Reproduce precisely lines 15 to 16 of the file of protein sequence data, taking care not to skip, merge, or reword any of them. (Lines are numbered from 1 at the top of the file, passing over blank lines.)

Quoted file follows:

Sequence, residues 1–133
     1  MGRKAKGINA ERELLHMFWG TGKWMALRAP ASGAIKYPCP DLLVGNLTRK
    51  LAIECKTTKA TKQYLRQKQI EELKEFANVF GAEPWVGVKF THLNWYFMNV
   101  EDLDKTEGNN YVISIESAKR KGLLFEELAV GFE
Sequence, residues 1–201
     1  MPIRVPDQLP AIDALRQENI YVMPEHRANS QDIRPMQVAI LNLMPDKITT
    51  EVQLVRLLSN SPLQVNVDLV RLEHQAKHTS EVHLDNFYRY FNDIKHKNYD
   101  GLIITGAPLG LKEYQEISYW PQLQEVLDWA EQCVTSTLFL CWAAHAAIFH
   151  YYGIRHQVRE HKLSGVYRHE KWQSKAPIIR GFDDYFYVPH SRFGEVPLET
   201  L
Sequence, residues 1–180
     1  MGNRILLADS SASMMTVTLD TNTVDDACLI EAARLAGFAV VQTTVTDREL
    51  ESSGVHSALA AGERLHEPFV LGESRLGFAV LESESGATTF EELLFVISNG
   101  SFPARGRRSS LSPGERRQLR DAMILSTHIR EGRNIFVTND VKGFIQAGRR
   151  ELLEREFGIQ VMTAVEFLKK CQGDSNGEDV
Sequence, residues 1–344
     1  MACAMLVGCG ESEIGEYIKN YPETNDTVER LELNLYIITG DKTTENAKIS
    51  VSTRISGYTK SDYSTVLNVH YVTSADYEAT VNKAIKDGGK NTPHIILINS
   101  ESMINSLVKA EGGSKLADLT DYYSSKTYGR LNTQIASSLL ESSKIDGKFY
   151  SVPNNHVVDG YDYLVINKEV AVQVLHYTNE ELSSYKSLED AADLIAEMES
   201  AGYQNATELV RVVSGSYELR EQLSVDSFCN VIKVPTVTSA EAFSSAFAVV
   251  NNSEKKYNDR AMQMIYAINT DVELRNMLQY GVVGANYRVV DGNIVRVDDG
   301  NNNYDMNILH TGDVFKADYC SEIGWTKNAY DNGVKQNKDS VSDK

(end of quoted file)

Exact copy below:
   151  ELLEREFGIQ VMTAVEFLKK CQGDSNGEDV
Sequence, residues 1–344